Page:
Senate Republicans were accused Monday of leading a "partisan charade" as the GOP-controlled Senate Judiciary Committee began confirmation hearings for Amy Coney Barrett—a Supreme Court nominee described as a threat to reproductive rights and healthcare access.
"Two things are clear," said NARAL Pro-Choice America president Ilyse Hogue said in a statement. "Barrett poses a clear and present danger to our fundamental rights and this hearing is part of an illegitimate and craven power grab that could affect our courts for a long time."
If confirmed for the lifetime seat, Barrett, who is 48, would lean the court further to the right, giving it a 6-3 conservative majority.
Republicans have pushed through the nomination at lightning speed even as the coronavirus pandemic continues to rage, suffering Americans see no aid from another comprehensive Covid-19 relief package, and voters have begun to cast ballots ahead of Election Day.
The rushed confirmation process, as well as the record of President Donald Trump's rightwing nominee, has elicited rebuke from Democrats, thousands of lawyers, and progressive groups like NARAL Pro-Choice America.
In her statement Monday, Hogue renewed the demand that senators not hold any hearing for a Supreme Court justice nominee until after the next administration begins.
"Plowing ahead with the confirmation of a Supreme Court justice this close to Election Day is an attack on our democracy that we won't forget," said Hogue, calling it "disgraceful for Senate Republicans to continue this partisan charade to maintain control no matter the results of November's election, all while refusing to help people struggling in the midst of the still-raging pandemic."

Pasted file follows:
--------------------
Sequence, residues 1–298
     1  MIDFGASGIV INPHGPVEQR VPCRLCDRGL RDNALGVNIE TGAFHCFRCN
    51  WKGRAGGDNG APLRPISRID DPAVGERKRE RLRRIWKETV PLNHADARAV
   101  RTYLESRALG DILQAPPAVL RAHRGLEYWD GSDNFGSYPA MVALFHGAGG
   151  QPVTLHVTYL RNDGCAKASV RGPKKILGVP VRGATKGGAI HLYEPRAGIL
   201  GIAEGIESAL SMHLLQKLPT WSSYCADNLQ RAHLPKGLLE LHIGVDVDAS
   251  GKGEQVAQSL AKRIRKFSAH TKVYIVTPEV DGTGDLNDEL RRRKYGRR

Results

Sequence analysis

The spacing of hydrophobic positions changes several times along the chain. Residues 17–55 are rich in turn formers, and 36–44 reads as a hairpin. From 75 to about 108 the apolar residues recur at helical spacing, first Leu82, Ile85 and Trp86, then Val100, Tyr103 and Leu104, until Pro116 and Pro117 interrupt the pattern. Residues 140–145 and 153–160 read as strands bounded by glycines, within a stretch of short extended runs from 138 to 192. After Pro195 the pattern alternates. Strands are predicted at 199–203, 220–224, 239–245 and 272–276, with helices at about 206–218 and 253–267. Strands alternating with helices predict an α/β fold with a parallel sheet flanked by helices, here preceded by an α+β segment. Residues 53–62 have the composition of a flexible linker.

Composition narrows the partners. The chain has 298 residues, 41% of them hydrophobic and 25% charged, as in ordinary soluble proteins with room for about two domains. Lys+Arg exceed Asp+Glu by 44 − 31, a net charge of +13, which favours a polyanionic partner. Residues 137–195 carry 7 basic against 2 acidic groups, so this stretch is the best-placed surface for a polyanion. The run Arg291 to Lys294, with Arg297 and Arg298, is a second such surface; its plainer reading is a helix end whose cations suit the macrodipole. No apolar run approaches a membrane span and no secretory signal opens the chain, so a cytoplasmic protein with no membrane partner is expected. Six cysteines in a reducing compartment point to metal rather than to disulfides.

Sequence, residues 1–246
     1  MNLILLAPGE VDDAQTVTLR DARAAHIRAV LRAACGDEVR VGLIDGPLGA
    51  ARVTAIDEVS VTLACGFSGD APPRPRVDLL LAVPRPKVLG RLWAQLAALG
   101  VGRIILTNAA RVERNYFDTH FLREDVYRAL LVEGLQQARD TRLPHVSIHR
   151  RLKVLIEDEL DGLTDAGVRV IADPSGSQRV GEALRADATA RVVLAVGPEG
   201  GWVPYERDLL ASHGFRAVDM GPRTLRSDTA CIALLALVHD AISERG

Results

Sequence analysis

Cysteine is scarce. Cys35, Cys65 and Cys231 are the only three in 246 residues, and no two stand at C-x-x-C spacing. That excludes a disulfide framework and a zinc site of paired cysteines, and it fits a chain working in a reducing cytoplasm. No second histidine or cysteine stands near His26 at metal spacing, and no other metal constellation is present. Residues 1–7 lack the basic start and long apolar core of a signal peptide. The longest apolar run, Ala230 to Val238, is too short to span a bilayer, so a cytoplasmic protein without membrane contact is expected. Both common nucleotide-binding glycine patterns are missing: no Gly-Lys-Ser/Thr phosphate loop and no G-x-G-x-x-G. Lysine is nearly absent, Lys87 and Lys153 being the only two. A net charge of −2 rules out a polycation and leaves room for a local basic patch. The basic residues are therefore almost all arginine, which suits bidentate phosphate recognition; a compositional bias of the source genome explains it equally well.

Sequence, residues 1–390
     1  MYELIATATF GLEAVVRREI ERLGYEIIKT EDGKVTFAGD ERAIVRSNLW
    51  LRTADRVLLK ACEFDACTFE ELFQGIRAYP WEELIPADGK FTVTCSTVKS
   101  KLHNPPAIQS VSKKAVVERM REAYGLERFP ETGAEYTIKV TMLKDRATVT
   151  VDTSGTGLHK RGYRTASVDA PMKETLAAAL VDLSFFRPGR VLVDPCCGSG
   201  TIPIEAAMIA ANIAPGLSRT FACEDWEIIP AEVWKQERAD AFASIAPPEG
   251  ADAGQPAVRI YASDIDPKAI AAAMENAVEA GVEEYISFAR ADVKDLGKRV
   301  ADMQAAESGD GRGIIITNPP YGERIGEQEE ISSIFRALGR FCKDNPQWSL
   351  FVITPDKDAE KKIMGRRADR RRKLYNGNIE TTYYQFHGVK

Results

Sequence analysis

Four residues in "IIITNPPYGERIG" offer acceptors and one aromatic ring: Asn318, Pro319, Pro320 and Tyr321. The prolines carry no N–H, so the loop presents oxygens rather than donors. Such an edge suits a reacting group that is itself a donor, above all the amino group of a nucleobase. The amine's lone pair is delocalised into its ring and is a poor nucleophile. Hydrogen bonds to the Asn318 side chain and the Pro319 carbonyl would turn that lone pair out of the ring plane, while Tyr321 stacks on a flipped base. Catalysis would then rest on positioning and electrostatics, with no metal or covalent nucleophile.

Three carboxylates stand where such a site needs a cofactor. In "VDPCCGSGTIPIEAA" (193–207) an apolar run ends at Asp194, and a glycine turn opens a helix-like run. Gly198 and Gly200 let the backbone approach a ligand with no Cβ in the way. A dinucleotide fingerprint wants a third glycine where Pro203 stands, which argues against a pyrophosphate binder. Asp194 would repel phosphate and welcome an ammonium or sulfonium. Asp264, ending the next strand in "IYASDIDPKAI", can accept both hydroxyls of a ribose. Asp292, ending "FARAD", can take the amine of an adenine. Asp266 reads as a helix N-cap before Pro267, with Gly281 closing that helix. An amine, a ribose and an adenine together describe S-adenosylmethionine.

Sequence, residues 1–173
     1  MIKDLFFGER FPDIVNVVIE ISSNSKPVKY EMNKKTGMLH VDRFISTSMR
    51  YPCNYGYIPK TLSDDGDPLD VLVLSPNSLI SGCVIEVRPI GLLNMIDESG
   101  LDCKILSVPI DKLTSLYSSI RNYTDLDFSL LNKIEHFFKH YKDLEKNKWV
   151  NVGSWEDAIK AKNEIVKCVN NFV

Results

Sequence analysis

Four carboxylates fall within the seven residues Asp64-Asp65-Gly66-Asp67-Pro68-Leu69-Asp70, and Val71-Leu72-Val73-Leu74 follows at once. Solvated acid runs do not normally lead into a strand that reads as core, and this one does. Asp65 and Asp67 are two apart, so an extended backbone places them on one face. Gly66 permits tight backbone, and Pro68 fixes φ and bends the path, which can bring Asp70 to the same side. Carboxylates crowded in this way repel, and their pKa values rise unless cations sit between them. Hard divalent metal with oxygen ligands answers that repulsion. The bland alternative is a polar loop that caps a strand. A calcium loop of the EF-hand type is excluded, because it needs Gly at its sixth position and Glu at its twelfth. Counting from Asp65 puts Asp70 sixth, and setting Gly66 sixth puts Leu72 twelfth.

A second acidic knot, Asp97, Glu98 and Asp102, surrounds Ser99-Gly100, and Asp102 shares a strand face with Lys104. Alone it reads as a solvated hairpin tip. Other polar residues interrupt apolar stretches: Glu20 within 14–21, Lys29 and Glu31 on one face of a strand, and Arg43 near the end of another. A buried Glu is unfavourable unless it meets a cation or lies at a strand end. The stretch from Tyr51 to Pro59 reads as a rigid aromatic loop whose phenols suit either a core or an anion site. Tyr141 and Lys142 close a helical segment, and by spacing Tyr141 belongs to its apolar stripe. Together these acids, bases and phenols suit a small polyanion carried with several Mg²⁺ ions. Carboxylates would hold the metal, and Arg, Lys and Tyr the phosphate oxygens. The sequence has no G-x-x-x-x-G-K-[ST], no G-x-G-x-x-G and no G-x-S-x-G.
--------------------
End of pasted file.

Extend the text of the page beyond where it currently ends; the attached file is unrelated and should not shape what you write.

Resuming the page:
"No confirmation should be considered until after Inauguration Day, period," she said.
The reproductive rights group has previously warned that Barrett's "positions show she is a clear and present threat to reproductive freedom and the promise of Roe"—a warning in line with that from Center for Reproductive Rights president and CEO Nancy Northup, who's called Barrett's "record in opposition to reproductive rights... clear and alarming."
Beyond threats to abortion access, Barrett's critics say her record shows other key issues hang in the balance as well, such as the fate of the Affordable Care Act (ACA).
That issue was noted by Sen. Cory Booker (D-N.J.) in his opening remarks at the confirmation hearing. "Instead of doing anything to help people who are struggling right now, we are here."
"I am really glad that my colleagues who contracted Covid-19 at the Rose Garden super-spreader event had access to the care you and your families needed," said Booker, contrasting such access with that available to "the people who will come through here today to wipe down the desks and empty the garbage, that will vacuum the floor... like people all over our country who are working today" and "cannot show up to work sick."
"Donald Trump and most of my Senate Republican colleagues know the truth—they will not be able to get away with this after the American people have spoken in this election," said Booker. He asserted of the rushed confirmation process for Barrett: "Nothing about this is normal."
It’s very simple. @SenateGOP know the American people don’t want this, but they don’t care. Because they only have… https://t.co/oj7PhmNvHf— Sen. Cory Booker (@Sen. Cory Booker)1602521696.0
Sen. Elizabeth Warren (D-Mass.) also drew attention to what she framed as a broad scope of rights that would be under further attack should Barrett be confirmed.
"We know exactly what Trump's Supreme Court nominee, Amy Coney Barrett, is being picked to do: complete a decades-long assault on our judiciary by billionaires, giant corporations, and rightwing extremists to tilt the courts in their favor and against everyone else," Warren wrote at an op-ed published Monday at Rolling Stone.
"The list of what is at stake if Republicans get their way," warned Warren, "is truly staggering."
Barrett's confirmation hearings are set to last through Thursday.